Strongly interacting low-dimensional Rydberg lattice gases in and out of equilibrium

Ji, Siyuan (2015) Strongly interacting low-dimensional Rydberg lattice gases in and out of equilibrium. PhD thesis, University of Nottingham.

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Recent achievements in ultra-cold experiments have made quantum simulation of interacting many-body systems possible in a well controllable environment. Of many candidates as quantum simulators, Rydberg atoms have been extensively utilised due to its exaggerated and fascinating atomic properties. Example includes high susceptibility to electric fields and relatively long life time in comparison to atoms in low-lying states. The tunable interaction between Rydberg atoms have made them even more versatile in simulating quantum many-body systems, e.g. interacting spin-1/2 particles. We will start the thesis by reviewing these properties of Rydberg atoms and explain how they lead to the Rydberg lattice gases that of interest.

Following the review of the essential knowledge of Rydberg atoms, we first study the ground states of interacting Rydberg lattice gases in both one-dimension and two-dimensions. The many-body system we are interested in is initially prepared in a Mott-insulator state, with each lattice site containing one atom that is laser coupled to its highly excited Rydberg state. The extremely huge van der Waals interactions between Rydberg atoms at close distance leads to an interesting Rydberg blockade effect. As we shall show, these strong interactions lead to rich phases and critical behaviours in the ground states of the many-body Hamiltonians that describes the systems. The aim of the first three chapters is to analyse these ground states in detail.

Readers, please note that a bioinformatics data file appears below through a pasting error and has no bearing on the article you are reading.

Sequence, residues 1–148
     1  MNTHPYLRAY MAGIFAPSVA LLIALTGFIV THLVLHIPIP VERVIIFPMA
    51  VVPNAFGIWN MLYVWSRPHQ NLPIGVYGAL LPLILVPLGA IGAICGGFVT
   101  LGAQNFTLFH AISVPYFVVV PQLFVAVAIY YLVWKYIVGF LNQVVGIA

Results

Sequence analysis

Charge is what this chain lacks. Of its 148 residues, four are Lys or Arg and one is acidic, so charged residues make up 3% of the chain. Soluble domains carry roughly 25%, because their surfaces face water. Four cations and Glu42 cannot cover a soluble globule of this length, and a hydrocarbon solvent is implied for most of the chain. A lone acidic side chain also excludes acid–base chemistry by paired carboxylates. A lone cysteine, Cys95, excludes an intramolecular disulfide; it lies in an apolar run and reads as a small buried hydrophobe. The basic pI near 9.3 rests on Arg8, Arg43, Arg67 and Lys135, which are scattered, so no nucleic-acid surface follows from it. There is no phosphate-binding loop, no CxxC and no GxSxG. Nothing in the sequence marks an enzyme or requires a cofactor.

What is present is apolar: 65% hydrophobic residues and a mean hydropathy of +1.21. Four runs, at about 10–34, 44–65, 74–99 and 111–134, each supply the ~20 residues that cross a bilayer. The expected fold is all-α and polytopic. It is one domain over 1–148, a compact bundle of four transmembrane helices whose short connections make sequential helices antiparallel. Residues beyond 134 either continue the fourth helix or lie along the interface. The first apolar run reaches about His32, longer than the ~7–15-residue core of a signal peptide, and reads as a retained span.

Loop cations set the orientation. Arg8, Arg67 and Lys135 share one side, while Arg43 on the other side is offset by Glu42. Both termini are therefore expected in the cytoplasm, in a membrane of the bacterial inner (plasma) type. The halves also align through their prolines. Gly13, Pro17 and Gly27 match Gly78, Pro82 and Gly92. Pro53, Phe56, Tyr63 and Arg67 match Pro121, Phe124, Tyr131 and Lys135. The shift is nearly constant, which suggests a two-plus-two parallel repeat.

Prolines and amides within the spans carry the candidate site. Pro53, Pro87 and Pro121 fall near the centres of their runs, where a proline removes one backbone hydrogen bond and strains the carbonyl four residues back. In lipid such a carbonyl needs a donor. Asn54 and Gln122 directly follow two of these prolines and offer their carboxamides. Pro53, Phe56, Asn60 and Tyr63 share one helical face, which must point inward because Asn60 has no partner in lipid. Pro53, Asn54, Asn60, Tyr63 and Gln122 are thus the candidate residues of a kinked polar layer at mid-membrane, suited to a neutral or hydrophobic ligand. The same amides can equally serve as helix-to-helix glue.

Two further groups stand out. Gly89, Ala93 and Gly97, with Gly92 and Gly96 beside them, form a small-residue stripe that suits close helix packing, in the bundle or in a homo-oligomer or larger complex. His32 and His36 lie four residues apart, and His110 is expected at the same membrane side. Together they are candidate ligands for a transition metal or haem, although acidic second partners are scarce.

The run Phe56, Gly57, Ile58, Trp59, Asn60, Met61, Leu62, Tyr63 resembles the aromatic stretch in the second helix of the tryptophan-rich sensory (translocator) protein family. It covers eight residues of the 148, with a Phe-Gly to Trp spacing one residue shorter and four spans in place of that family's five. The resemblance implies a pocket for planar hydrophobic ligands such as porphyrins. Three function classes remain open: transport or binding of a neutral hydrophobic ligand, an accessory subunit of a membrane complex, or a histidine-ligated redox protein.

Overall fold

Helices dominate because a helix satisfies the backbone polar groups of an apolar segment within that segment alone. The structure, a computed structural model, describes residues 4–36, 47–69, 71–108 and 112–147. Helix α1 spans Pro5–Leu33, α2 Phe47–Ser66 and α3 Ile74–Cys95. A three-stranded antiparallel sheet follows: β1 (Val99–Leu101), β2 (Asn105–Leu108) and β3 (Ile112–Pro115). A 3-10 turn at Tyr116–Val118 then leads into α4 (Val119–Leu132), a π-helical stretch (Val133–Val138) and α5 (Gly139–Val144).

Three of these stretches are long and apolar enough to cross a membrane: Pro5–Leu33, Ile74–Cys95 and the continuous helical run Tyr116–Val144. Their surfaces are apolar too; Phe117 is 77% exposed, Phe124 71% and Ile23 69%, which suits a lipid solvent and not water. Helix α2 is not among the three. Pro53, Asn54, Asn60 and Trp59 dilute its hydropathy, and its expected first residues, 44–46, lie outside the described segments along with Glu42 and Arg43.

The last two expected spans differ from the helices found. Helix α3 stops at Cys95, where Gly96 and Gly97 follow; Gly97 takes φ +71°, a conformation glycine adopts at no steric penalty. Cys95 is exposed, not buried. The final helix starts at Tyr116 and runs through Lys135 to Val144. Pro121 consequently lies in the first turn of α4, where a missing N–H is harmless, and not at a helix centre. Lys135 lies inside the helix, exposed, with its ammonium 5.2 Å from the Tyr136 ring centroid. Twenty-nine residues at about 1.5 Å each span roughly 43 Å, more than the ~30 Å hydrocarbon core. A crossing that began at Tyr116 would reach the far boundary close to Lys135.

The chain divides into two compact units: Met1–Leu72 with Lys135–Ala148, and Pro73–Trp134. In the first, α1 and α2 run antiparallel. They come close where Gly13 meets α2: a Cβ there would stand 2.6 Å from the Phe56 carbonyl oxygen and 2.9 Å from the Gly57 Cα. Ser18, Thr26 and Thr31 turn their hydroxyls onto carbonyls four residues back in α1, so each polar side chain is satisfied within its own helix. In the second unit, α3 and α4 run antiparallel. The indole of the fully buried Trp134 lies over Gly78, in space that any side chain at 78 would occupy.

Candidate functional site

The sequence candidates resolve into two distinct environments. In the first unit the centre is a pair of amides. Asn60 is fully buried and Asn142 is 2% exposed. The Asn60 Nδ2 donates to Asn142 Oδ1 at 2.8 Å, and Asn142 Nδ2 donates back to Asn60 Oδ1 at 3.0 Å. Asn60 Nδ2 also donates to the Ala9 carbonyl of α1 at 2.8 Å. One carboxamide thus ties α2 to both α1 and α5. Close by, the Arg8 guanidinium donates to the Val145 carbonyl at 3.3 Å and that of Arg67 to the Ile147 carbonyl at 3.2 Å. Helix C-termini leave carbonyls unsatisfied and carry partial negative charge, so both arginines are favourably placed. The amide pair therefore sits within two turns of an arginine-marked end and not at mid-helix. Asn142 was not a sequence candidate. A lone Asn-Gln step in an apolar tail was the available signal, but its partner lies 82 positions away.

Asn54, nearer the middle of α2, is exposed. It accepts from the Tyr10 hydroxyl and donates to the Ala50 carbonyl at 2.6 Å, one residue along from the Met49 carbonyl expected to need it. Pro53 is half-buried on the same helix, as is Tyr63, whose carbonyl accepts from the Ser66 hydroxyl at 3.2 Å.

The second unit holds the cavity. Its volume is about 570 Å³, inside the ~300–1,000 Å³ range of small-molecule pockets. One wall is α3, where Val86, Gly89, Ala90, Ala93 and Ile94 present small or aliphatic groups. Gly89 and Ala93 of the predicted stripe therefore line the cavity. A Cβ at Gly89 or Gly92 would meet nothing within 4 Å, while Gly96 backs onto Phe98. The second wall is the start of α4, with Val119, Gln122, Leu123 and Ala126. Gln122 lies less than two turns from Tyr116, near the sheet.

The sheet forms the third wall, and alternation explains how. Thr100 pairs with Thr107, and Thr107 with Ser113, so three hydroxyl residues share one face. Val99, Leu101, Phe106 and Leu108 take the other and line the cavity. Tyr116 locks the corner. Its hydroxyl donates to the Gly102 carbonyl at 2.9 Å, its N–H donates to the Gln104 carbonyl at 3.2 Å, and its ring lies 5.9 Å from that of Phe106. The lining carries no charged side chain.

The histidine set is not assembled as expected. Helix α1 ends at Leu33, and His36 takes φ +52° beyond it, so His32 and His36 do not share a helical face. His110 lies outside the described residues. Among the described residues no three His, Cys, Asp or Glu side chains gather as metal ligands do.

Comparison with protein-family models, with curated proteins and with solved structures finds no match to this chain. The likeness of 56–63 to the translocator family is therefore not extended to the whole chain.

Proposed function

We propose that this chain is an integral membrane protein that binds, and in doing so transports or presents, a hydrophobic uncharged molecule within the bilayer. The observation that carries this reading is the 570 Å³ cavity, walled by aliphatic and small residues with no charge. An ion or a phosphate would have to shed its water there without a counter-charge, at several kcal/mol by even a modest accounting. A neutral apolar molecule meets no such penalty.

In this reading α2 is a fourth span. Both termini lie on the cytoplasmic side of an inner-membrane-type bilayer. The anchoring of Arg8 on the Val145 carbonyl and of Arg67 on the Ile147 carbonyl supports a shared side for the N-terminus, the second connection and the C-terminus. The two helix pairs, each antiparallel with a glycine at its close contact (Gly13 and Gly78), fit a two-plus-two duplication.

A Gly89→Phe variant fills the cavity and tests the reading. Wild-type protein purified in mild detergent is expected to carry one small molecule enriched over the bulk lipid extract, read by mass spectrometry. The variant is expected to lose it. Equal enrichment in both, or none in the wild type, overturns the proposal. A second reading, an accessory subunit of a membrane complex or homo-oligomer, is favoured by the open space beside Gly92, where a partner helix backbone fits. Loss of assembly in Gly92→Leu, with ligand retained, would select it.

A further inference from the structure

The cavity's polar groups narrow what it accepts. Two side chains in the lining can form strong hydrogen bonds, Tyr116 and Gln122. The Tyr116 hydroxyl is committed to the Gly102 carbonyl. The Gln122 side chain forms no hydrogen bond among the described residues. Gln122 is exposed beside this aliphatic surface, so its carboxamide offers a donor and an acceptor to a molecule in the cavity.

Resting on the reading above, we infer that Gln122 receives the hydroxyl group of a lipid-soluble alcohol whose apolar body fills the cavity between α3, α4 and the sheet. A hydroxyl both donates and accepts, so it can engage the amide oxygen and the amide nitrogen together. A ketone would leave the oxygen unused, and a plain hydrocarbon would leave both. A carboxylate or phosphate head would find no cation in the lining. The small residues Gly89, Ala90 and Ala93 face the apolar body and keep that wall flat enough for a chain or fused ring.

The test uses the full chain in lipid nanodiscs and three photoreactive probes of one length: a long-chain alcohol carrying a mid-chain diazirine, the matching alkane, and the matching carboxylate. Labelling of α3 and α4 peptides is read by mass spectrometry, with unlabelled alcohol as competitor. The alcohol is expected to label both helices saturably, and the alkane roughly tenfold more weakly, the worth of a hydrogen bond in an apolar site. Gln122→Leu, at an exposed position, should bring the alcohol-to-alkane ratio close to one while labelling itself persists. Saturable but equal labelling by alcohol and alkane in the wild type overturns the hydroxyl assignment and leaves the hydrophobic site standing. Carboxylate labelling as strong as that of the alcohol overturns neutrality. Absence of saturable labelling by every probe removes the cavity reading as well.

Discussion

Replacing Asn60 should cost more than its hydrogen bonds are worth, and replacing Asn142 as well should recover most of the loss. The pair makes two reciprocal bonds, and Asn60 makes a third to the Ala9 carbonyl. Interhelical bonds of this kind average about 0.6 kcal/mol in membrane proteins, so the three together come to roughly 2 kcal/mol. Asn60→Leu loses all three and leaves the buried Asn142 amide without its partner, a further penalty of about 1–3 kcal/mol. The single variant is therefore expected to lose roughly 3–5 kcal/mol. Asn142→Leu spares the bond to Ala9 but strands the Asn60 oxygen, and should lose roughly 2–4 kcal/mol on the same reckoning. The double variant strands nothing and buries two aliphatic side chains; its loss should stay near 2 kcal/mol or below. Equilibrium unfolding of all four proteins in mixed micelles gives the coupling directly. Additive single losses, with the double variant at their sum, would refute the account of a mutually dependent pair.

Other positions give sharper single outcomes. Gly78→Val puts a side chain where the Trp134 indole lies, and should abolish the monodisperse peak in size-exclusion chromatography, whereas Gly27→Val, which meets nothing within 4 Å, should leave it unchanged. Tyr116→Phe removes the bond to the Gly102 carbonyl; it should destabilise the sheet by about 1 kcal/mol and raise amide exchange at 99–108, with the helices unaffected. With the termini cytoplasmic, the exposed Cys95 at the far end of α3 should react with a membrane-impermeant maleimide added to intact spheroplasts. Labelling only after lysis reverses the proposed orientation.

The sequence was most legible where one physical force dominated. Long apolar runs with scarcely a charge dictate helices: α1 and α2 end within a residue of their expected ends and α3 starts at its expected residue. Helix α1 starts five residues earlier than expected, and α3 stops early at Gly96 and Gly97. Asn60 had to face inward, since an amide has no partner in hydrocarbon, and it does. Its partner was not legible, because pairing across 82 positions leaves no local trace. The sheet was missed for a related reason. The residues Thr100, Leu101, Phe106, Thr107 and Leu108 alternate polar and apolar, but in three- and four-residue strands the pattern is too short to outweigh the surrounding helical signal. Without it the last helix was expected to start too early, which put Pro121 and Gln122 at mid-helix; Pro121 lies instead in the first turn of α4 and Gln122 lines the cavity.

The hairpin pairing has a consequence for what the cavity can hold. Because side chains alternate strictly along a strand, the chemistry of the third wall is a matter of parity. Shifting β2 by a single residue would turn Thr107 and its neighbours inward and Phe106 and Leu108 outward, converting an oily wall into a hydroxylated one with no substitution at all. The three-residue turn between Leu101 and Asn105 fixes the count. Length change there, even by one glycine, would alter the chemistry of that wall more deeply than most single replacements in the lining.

Having investigated the static properties, we then move on to study the dynamical behaviour of a class of generic spin models which can in principal be realised by Rydberg lattice gases with tunable blockade radius. By deriving an effective master equation, and comparing it to the exact calculation, we will demonstrate how different pure initial states eventually evolve to the same equilibrium state and analysed in detail the time evolution and the steady state.

Item Type: Thesis (University of Nottingham only) (PhD)
Supervisors: Lesanovsky, I.
Garrahan, J.
Subjects: Q Science > QC Physics > QC170 Atomic physics. Constitution and properties of matter
Faculties/Schools: UK Campuses > Faculty of Science > School of Physics and Astronomy
Item ID: 29339
Depositing User: Ji, Siyuan
Date Deposited: 17 Aug 2016 09:50
Last Modified: 14 Sep 2016 03:50

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